China’s capital surprised us with its modernity, confidence and grandeur, an americanized lifestyle, nearly five million cars, not much space for pedestrians, six ring roads and sterile skyscrapers. Honestly, we imagined Beijing to have kept more of its historical charm; it seems as if the rapid economic growth and social transformation have wiped out much of Chinese ancient culture and traditions, which you still can find, but you really have to look for it.
So we tried to find it and visited the Forbidden City, one of the largest and greatest palace complexes ever built, and the Temple of Heaven, where the emperor would make sacrifices and pray for good harvest. Monitored by close-circuit TV cameras, the Tiananmen Square with Mao’s Mausoleum presented itself as one of the most unattractive public plazas. Nowadays, the embalmed Mao is raised every day from the refrigerated chamber for public viewings.
Our personal highlight was none of the above, but rather strolling along the hutongs, or winding old alleyways lined with traditional courtyard houses, where the 21st century is kept at bay. We went bowling, made new friends, bounced to a rock concert and visited the cool ’798 Art District’ on a disused factory site – now the center of Chinese contemporary art with galleries, graffiti and exhibitions.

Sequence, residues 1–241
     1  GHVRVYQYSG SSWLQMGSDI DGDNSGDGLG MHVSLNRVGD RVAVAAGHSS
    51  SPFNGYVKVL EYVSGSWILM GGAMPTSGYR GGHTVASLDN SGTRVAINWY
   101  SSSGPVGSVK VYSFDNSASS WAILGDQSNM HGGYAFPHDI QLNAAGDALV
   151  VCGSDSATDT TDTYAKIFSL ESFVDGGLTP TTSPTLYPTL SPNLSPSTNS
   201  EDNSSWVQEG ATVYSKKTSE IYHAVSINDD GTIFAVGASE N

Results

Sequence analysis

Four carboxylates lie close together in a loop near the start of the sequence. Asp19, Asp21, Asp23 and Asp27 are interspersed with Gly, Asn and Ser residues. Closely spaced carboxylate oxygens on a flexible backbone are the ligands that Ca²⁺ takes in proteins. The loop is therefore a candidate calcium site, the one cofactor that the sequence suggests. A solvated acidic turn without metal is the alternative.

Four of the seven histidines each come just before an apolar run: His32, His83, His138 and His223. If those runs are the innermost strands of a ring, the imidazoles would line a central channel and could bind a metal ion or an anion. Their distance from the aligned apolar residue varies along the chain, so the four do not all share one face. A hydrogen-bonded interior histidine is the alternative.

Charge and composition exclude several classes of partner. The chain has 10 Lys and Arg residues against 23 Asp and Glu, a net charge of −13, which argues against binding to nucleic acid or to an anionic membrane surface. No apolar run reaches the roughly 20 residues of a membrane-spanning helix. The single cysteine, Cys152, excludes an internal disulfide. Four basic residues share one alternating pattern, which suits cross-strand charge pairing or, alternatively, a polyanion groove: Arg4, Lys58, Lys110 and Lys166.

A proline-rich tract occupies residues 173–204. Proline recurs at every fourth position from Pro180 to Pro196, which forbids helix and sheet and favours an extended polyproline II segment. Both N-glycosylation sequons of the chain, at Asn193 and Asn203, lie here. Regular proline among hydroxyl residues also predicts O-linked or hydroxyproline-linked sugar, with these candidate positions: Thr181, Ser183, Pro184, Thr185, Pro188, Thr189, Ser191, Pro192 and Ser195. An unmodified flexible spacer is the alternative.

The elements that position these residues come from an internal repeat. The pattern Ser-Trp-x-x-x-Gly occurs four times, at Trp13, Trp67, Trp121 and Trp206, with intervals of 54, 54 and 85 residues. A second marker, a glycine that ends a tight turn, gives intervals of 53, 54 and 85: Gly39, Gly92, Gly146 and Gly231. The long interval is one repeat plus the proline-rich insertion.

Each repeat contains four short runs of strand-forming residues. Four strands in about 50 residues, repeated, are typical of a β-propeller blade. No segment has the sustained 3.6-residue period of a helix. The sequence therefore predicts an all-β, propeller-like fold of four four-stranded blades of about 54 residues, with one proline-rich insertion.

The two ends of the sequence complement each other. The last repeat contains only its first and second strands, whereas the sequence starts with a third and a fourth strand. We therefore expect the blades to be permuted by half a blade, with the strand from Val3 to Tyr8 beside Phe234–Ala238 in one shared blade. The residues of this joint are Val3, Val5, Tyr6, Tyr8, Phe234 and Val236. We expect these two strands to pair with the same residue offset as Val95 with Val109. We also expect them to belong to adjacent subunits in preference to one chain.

The Great Wall snaking through the countryside over deserts, hills and hills, for nearly 6,000 km, was worth a day trip. The ‘original’ wall was begun over 2,000 years ago, when China was unified under Emperor Qin Shi Huang. Hundreds of thousands of workers linked the separate walls together to defend people and territories against northern nomadic tribes.
We chose to see the wall from Jinshanling, a section less easily accessible. This made the journey quite adventurous, as it included trips by bus, van, motorbike and taxi to get there and back. Few tourists and silence were rewarding enough; the views from sharp peaks were impressive, but one had to work for them! Steep, partly un-restored sections and a stony trail turned it into a strenuous, but breathtaking and spectacular climb.